ICJ dismisses Kenya case in Somalia maritime boundary row
Kenya has previously accused the International Court of Justice of being biassed and has stated that it will not accept the decision.
The case involved a 38,000-square-mile (100,000-square-kilometer) triangle in the Indian Ocean thought to be rich in oil and gas.
The disagreement has been at the center of a diplomatic spat between the two countries.
Somalia’s Information Minister, Osman Dubbe, praised the ruling and congratulated Somalis on regaining control of their homeland in a tweet.
Kenya has claimed that the maritime border is a line running east-west from the point where the two countries meet on the coast for the past four decades.
Somalia argued in court that the sea border in the Indian Ocean should run parallel to the land border.
Kenya had not proven that Somalia had previously agreed to its claimed border, according to a panel of 14 judges in The Hague.
Instead, they drew a new line that divided the disputed territory in half.
But, with Kenya refusing to recognize the International Court of Justice’s jurisdiction, it’s unclear what will happen. The court has no way of enforcing its decisions.
Kenya had also been accused of violating Somalia’s sovereignty by operating in its territorial waters, and Somalia demanded compensation.
The judges, on the other hand, dismissed this argument.
The two countries signed a memorandum of understanding in 2009, backed by the United Nations, to settle the border dispute through negotiation.
But, five years later, Somalia announced that the talks had failed and that it would instead go to the International Court of Justice. According to Reuters, Somalia was enraged by Kenya’s sale of two exploration licenses in the disputed zone to two multinationals in 2012.
Somalia’s Deputy Prime Minister Mahdi Mohamed Guled told the BBC before the judgment was handed down that his country “believes in the rules-based system… that’s why we came to the court.”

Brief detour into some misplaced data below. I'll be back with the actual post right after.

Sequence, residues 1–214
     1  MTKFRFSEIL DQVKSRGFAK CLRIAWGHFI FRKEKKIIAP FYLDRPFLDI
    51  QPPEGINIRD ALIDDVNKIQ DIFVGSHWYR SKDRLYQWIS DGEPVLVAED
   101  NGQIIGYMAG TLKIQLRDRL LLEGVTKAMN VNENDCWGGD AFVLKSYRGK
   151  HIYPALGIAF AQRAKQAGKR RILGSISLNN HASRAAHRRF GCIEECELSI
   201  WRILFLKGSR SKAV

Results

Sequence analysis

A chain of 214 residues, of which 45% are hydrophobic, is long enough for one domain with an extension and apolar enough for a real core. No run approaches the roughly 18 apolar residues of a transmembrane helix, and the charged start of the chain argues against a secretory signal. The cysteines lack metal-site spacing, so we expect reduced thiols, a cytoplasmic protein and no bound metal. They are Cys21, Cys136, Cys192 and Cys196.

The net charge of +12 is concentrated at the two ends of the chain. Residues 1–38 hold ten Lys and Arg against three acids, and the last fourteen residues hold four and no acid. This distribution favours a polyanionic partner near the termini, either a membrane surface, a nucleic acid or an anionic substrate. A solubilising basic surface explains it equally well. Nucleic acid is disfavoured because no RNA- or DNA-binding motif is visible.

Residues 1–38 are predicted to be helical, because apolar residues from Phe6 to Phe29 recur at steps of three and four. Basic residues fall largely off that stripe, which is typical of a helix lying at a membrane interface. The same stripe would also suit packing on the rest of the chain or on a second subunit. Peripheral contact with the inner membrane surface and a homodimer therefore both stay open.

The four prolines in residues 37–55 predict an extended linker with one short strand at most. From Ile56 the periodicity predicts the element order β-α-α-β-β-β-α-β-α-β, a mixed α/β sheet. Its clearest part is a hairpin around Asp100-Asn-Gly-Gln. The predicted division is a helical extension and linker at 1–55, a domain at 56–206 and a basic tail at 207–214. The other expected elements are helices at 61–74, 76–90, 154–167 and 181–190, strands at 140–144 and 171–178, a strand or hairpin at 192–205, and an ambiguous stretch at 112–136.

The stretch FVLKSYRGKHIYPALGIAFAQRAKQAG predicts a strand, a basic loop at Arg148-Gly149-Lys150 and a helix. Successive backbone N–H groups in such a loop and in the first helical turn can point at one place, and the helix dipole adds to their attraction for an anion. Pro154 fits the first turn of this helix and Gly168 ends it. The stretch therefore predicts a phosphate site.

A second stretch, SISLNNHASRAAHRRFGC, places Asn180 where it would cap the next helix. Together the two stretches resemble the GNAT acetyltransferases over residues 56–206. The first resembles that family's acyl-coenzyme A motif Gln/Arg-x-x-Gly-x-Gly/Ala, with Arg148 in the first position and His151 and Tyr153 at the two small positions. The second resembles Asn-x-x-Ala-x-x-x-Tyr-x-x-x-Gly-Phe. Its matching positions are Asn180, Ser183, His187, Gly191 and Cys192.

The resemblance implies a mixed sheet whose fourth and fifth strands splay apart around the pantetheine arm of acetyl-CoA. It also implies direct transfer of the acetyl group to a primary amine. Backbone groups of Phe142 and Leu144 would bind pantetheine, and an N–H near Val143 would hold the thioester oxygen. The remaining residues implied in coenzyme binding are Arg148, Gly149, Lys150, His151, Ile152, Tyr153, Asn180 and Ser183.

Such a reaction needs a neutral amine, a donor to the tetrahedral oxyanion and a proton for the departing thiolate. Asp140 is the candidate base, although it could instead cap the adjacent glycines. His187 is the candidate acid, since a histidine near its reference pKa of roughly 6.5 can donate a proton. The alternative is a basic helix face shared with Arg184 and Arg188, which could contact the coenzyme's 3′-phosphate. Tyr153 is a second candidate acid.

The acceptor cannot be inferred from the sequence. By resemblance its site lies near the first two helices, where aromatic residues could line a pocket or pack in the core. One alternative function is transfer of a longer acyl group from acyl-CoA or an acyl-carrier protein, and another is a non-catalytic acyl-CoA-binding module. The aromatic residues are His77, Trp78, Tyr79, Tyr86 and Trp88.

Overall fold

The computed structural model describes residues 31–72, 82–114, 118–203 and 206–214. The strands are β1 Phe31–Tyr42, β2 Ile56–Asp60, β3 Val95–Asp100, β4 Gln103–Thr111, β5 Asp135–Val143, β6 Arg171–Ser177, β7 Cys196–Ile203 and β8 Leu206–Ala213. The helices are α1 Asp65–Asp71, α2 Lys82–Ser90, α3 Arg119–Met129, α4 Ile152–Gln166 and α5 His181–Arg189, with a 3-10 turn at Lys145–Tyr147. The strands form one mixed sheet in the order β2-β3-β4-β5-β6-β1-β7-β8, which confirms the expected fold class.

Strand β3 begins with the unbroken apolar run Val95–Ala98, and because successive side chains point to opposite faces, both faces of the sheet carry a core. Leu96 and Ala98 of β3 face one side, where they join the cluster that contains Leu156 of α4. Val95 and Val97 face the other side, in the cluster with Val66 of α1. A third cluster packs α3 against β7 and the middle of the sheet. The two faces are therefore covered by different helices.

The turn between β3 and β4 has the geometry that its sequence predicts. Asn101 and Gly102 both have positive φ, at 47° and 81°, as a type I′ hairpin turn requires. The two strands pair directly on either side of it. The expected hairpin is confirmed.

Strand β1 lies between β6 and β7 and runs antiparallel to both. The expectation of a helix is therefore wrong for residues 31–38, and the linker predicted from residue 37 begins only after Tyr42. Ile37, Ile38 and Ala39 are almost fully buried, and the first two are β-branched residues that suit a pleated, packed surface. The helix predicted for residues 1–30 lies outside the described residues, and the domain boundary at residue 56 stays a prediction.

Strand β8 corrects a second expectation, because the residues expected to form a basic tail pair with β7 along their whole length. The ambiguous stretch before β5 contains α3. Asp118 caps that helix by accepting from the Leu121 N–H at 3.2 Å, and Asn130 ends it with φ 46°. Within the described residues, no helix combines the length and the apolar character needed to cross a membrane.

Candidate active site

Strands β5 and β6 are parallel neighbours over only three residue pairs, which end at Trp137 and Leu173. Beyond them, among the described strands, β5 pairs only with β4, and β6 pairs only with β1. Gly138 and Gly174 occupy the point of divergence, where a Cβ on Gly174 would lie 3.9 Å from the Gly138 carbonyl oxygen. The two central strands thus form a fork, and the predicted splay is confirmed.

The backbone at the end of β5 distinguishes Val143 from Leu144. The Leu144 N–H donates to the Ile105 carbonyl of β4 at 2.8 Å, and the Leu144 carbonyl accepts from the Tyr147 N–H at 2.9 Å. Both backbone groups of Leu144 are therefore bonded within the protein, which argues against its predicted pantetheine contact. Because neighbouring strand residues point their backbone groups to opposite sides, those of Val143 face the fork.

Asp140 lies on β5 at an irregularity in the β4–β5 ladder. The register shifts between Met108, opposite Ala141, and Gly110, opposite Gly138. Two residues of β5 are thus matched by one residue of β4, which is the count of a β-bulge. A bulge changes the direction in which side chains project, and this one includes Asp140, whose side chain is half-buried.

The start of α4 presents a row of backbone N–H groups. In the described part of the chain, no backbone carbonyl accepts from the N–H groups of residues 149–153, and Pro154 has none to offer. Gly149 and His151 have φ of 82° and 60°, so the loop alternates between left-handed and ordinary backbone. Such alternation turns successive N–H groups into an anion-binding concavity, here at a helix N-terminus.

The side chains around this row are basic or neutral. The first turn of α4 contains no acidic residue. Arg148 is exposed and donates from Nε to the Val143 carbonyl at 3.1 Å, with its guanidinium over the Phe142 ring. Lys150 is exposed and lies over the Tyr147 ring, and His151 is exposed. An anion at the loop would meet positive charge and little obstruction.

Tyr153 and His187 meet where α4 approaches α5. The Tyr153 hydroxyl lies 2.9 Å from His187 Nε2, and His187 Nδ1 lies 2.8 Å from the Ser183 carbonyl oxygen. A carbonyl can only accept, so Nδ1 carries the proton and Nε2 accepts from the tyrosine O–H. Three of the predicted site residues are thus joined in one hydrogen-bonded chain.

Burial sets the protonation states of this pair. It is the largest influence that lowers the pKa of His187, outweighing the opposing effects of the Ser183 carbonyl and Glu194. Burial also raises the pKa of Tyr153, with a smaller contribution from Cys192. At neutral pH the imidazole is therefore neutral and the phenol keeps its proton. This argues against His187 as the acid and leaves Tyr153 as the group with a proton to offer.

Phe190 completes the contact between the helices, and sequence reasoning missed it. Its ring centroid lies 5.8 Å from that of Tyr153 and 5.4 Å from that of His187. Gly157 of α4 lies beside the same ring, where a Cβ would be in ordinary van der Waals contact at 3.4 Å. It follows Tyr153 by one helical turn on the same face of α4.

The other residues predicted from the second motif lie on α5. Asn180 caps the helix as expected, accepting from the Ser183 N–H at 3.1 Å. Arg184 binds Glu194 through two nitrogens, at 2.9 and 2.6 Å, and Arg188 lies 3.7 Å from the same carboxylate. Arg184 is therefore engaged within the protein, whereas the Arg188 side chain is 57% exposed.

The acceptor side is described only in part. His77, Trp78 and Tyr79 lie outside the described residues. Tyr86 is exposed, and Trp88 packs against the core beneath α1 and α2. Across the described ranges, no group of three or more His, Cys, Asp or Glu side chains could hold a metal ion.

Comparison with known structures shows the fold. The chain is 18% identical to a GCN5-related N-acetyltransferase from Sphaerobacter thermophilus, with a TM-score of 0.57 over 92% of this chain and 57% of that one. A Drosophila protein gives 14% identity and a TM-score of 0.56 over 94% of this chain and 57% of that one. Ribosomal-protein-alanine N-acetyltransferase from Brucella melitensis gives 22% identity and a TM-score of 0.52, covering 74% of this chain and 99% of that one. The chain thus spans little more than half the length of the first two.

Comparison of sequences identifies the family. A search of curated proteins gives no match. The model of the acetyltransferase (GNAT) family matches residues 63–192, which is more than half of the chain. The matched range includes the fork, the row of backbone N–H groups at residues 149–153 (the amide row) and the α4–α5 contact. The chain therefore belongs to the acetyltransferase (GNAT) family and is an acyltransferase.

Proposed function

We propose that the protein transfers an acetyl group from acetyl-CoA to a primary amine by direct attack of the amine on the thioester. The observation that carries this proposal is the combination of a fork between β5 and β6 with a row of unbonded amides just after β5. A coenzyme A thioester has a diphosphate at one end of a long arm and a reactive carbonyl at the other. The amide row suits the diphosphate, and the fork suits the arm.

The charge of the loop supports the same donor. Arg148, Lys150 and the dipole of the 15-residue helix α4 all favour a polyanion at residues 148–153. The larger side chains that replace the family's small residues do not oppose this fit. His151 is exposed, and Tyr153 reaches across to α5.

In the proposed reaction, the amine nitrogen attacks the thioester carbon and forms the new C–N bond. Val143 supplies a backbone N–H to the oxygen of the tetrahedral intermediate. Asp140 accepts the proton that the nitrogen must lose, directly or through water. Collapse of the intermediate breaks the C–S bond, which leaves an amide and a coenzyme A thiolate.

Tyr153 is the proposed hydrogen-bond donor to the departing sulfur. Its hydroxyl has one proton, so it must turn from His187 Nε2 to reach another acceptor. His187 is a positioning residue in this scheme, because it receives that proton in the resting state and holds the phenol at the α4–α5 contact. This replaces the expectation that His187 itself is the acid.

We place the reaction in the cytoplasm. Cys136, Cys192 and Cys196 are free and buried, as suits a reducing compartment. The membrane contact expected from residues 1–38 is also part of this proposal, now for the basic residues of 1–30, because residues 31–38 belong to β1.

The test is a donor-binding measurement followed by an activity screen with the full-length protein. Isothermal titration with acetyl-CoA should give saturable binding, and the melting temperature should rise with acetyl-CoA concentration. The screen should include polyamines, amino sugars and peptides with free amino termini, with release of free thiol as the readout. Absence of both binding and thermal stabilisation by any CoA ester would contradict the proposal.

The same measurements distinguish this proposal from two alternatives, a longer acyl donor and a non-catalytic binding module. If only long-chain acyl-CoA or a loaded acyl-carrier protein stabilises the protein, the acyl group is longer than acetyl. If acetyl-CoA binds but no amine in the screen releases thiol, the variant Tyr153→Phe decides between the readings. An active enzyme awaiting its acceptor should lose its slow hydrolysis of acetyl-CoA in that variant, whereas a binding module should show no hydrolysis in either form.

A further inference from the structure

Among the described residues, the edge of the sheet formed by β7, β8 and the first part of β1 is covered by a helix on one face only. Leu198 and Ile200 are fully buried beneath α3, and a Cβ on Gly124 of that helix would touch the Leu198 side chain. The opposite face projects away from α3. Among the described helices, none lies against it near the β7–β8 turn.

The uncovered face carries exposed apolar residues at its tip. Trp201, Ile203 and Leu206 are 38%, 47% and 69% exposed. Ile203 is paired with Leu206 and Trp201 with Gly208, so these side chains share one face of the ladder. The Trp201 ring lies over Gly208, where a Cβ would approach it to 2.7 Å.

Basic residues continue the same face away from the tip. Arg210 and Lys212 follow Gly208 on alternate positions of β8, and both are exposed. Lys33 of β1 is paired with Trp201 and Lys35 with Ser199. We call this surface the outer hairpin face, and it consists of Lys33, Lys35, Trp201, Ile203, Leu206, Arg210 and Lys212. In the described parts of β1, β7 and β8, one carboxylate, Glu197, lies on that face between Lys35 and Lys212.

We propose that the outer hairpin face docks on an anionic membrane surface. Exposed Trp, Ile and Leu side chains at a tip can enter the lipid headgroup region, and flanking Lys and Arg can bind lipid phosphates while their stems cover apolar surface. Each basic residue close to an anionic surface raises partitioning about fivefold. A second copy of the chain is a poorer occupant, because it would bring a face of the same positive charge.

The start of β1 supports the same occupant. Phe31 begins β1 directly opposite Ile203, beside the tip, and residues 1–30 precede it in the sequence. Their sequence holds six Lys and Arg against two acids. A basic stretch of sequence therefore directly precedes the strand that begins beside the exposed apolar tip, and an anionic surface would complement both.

In international disputes, the court is supposed to be the final arbiter.
The issue could be escalated to the UN Security Council if Kenya ignores the ruling, according to BBC Anna Holligan in The Hague.
Neither country desired this decision, but Somalia is relieved.
After all, it got a lot of what it asked for, and Kenya was adamant about not giving up anything.
With a congratulatory tweet, Somalia’s information minister captured the mood.
Meanwhile, Kenya’s foreign ministry has reiterated that it does not recognize the court’s decision, as it did last week.
The question now is what will happen next, and who will enforce the decision.
Kenya has stated that it is prepared to go to war to defend its territory, with a naval base near the disputed area recently being upgraded to a full military base.
Somalia does not have a navy. It does, however, have companions. Conflict is not the first option.
Another round of talks, or a diplomatic showdown, is on the cards. Or you could do both. Kenya unsuccessfully argued that the International Court of Justice should not be involved because the memorandum of understanding was legally binding.
After requesting a delay to brief a new legal team, it refused to take part in hearings in March.
It also objected to a Somali judge on the ICJ panel, claiming that he should recuse himself.
Kenya’s government called the case a “flawed judicial process” last week. It went on to say that there was “inherent bias” and that the court was an inappropriate venue for settling the dispute.
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